The Sake Tasting Guide, Part 1

Sake is a staple of Japanese culture and cuisine. It is meant to make many kinds of social gatherings a lot more enjoyable. However, just like its Western grape-based counterparts, there is a method to the tasting and consumption of sake that can make it an even more memorable experience. 

Here is a comprehensive guide to sake tasting:


On Appearance

Most sake is water-like—transparent and colourless. In some cases, there is a very delicate lemon-green paleness. To examine the colour, pick up the glass of sake and gently tilt the glass to a 45-degree angle against a white background. 

Although the natural colour of sake has a slight lemon greenness akin to olive oil, most are clarified with active charcoal and diatomite fining at the finishing stage to make them colourless for stability. 

Some sake have a slight haziness in appearance due to small particles or lees. This is common in very fresh and raw sake, which tends to have some extra texture and richness. However, these are quite rare in the UK.

Your sake also may appear differently depending on what kind it is. Nigori is the term for cloudy sake with less presence. Sake is generally coarsely filtered, hence its milky colour. This process provides a rich and creamy texture with sweeter and rice impressions.

Sake with deeper colours such as gold, amber, and even brown tints are called Koshu. Koshu sake are aged and matured longer, and are exceedingly rare. The colours come from the oxidation and caramelisation of sugar and amino acids as caused by the ageing process. This process often provides an umami flavour to the drink. 


On the Palate

Flavours in sake are different from Western wines. Sake tends to be much more delicate in terms of acidity and has slightly more sugar. The ABV also ranges between an average of 15-17 per cent. 

When tasting, take a small sip of sake in your mouth and roll it over your tongue. Then gently mix with some air and assess the quality of sake. This can help you identify the flavour profiles in the sake. 


The Umami in Sake

Umami is a primary taste sensation triggered by the presence of some amino acids. The taste of umami can be described as a savoury deliciousness and is also found in high levels in seaweed and fermented and aged foods. Some examples include mature cheeses, dried mushrooms, and soy sauce. 

One unique thing about the sake flavour profile is the presence of umami, which tends to fall under the Junmai category—especially those that use kimoto or yamahai methods for the fermentation starter. Sake that is aged longer also tends to be high in umami. 

On average, sake has two to five times more umami than wine or beer, and it harmonises beautifully with umami-rich ingredients.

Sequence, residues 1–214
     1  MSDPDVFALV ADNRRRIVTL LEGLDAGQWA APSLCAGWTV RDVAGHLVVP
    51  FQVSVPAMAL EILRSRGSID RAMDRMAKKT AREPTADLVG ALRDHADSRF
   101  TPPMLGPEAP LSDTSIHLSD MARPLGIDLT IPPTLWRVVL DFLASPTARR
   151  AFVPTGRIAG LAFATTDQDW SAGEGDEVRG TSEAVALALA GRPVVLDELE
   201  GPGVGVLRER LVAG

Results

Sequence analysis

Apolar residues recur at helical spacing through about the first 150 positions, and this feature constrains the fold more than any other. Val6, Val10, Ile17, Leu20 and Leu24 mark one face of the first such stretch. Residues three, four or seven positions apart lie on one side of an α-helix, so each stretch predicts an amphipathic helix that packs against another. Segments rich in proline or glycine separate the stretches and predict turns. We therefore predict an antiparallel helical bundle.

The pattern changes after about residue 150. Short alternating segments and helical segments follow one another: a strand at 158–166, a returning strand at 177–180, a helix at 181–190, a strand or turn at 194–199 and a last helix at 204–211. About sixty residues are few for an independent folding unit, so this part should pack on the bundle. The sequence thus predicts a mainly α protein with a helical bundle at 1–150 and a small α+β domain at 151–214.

The Texture

Due to the higher sugar and alcohol content, sake has a unique texture. When rolling it over your tongue, observe if there is any texture to highlight when tasting sake—creamy, smooth, soft, velvety, or mouth-coating are all common to premium sake.



A lingering and long-lasting finish could be one of the indications of the quality of Western wines, whereas, in the world of sake, a drink with a shorter, clean finish can speak of its great quality. 

Kire is a Japanese term for a particular kind of clean, crisp, cleansing finish. Sake with kire appears to vanish entirely from the mouth. When sake with kire finish partnered with food, the cleansing effect acts rather like a sorbet, removing flavours and cleansing the palate. A kire finish takes great skill to achieve, only found in premium sake. 


On Storage

Just like win and many other alcoholic beverages, sake needs specific storage conditions and practices to ensure it lasts longer and maintains its quality, such as:

  • Sake needs a consistent storage temperature that hovers around 10-12° C.
  • Ginjo and Nama sake can be stored in a refrigerator and is ideally drunk within a year. 
  • Sake is best consumed while young. Most Ginjo sake must be drunk within one year, and Junmai and Jonjozo sake within two years.
  • Sake must be stored in a dark place as any light can cause the ingredients to deteriorate faster.
  • Sake bottles must be stored standing up.
  • Once opened, a bottle of sake can be stored in the fridge. It must be consumed within two to three weeks. 
  • Rich and less aromatic sake lasts longer in storage.


Serving Temperatures

As Sake can be drunk at a wide range of temperatures, those temperatures are expressed by ten poetic Japanese phrases based on the theoretical meanings. Even a small temperature difference can add different colours and impressions of the sake flavours. 

Less aromatic sake such as Honjozo or Junmai can be enjoyed widely from chilled, room temperature to warm or hot, but richer or longer-matured sake with higher umami content such as Kimoto or Yamahai Junmai tend to produce joyful savoury flavours and excellent textures at 45–55° C.

Sake can be a great addition to any social gathering, but there is more to it than meets the eye. If you want to figure out how to make your consumption of sake more in-depth, check out our sake sets at Sake Shoten and tune in to part two of this sake tasting guide. We bring exclusive and world-class sake to the UK.